|XP is just a number|
/me nods ...
“You’re over-thinking this thing,” he muttered, thinking about the book, Cheaper By The Dozen. (A hilarious book by the daughter of an early process-management consultant ...)
Fundamentally, the writing of computer software has to do only with the success or the failure of the computer software to fulfill the purpose for which it was written. Infrequently, the cause is programmer incompetence. Usually, it’s because people are not-working together on a project that has never been completely specified in the first place. And they’re not continually testing what they have done, to know if it actually works and keeps working. In other words, yellow-stickies or not, it’s hopeless. Whether or not you are measuring “progress,” the project’s taking one step forward and two steps back. You measure time that is being profoundly wasted.
The best idea I ever had, a couple decades ago now, was to base things on a contractually binding task-order and change-order system ... and to make task-order #1 (and beyond) consist of building the remaining task breakdown. Charging the same money to do that, or more, than for building code. It’s modeled after the construction trades, and it works. If you systematically embrace all of the best-practices that are involved (start to finish ...) in constructing a building or a roadway, and apply these to software ... it works like nothing else does. (A project to repair the potholes in 100 feet of bad-condition street might consist of more than 250 line-items and accumulate the data points of more than 1,000 tests. They leave zero, nada, nothing, zilch to chance or “creativity.”)
The usual practice ... and Agile encourages it ... is for people to be “lone wolves, in a pack.” They forget that they are building a machine, that will work entirely without human intervention.(*) The process they use is the same one they used in school ... at 11:30 PM the night before the assignment was due. They’re frankly entirely accustomed to “pantsing it,” with only a token nod to planning, and no more of a nod to communication than will fit on a 2" x 4" yellow piece of paper. Almost invariably, one person will be tasked with devising and writing the code for some feature, and for telling the rest of the “team” what s/he did after the fact. I don’t know why this is so, but I’ve seen it in far too many teams to think of it as accidental.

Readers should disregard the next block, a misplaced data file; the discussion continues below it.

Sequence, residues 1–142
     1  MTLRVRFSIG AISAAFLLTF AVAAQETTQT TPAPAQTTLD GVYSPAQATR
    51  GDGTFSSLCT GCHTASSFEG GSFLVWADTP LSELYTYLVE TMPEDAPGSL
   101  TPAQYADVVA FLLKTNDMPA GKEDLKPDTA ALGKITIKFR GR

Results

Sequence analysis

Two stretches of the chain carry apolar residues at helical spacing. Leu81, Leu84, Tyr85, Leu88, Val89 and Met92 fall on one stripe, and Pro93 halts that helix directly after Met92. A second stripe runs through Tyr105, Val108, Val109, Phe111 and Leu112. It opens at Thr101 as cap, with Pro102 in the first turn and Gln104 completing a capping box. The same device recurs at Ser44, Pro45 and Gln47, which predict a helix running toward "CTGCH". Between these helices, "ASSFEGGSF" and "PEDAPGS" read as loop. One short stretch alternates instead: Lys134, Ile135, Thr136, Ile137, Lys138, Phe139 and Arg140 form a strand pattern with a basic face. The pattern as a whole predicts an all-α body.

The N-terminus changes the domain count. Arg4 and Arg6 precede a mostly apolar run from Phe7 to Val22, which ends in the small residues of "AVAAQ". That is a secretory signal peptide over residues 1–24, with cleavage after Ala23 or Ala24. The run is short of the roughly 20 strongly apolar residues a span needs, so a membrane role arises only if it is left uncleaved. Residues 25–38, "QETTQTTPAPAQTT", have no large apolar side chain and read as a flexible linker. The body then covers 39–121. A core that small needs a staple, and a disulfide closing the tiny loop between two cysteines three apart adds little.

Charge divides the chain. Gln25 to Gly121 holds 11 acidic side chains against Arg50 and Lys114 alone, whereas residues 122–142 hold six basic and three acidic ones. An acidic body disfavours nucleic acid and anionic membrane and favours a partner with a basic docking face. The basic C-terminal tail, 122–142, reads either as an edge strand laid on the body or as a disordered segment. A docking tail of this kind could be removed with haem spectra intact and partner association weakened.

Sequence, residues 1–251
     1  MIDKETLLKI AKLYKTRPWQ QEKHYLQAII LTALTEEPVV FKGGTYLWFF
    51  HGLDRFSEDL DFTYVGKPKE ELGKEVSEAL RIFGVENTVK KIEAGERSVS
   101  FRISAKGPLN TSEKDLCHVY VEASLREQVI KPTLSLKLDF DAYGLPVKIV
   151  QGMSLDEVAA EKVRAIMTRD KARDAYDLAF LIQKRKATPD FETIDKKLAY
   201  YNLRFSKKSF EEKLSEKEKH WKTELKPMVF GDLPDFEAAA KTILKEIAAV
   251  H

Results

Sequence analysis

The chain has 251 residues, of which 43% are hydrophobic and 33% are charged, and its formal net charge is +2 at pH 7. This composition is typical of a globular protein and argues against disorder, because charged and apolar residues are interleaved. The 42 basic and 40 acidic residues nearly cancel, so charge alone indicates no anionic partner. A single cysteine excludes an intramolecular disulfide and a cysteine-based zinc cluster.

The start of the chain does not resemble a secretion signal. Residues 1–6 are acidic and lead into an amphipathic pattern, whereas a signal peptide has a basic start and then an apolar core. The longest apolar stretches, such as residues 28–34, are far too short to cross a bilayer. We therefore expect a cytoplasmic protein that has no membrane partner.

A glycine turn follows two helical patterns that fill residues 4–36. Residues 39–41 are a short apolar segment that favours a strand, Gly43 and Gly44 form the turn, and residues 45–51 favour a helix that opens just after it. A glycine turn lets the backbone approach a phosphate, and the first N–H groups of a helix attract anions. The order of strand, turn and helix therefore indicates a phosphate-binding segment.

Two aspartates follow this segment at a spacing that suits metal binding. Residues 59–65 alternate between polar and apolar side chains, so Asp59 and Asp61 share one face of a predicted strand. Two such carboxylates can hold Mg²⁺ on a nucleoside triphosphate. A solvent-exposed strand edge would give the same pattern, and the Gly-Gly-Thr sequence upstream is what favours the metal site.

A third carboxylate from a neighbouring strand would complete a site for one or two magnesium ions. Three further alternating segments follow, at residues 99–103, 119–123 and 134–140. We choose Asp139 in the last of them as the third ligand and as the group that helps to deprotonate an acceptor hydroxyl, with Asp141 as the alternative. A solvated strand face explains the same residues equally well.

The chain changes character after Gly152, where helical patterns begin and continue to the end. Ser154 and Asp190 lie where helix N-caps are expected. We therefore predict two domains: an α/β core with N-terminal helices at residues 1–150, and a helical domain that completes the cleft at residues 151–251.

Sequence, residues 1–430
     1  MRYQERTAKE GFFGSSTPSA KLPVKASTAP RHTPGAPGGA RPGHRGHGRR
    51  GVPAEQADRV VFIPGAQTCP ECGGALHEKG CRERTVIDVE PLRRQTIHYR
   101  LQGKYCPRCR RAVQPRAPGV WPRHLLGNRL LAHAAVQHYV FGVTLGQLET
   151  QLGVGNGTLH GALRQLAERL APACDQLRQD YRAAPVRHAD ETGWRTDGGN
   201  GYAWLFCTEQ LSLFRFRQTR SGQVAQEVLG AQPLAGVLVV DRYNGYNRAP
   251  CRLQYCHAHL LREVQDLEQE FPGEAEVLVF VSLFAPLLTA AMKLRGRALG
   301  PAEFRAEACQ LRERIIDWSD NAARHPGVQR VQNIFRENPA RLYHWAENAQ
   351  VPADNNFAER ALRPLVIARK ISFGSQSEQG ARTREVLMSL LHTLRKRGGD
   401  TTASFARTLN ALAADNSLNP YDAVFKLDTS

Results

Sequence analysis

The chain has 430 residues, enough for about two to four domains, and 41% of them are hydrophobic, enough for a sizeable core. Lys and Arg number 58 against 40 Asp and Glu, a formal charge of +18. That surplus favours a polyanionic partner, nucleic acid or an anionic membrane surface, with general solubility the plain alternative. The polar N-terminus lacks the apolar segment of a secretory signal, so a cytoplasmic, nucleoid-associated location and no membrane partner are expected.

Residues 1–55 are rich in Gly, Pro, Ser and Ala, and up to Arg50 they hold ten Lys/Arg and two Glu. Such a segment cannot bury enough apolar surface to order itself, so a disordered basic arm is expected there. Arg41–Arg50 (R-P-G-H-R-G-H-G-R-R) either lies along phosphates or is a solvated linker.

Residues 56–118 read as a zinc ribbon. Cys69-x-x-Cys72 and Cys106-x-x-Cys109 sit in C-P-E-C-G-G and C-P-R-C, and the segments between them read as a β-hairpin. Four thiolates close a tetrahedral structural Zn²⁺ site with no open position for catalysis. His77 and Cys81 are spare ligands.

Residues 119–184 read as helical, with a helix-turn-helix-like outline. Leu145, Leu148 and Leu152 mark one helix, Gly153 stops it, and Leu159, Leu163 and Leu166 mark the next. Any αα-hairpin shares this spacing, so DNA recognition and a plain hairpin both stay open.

So, what you really need isn’t “metrics” at all, in the sense of lines-of-code, hours-worked and what-not ... except possibly for cost accounting. You don’t need to measure what your programmers are doing. Instead, you need to be checking-off their progress along a meticulously-prepared punch list, cleanly separating the process of “deciding what to do and when to do it” from “what the source-code writers are doing.” It doesn’t matter if folks are standing up or sitting down. If the plan is good and complete, the work will go according to plan. (And, yes, that plan should called for staged delivery and for overlapping threads of progress.) If the work has been spelled out sufficiently, the writing and testing of the corresponding source code is ... perfunctory. And the resulting code will be damned near bulletproof. If you measure anything at all, it should be the on- or off-schedule progress of the machine that is being constructed day-by-day.
(*) The best book that spells out that idea very completely, from a project-management point of view, is a little Kindle-only book called Managing the Mechanism, by Vincent North, which is available [only ...] on Amazon. Find it, read it.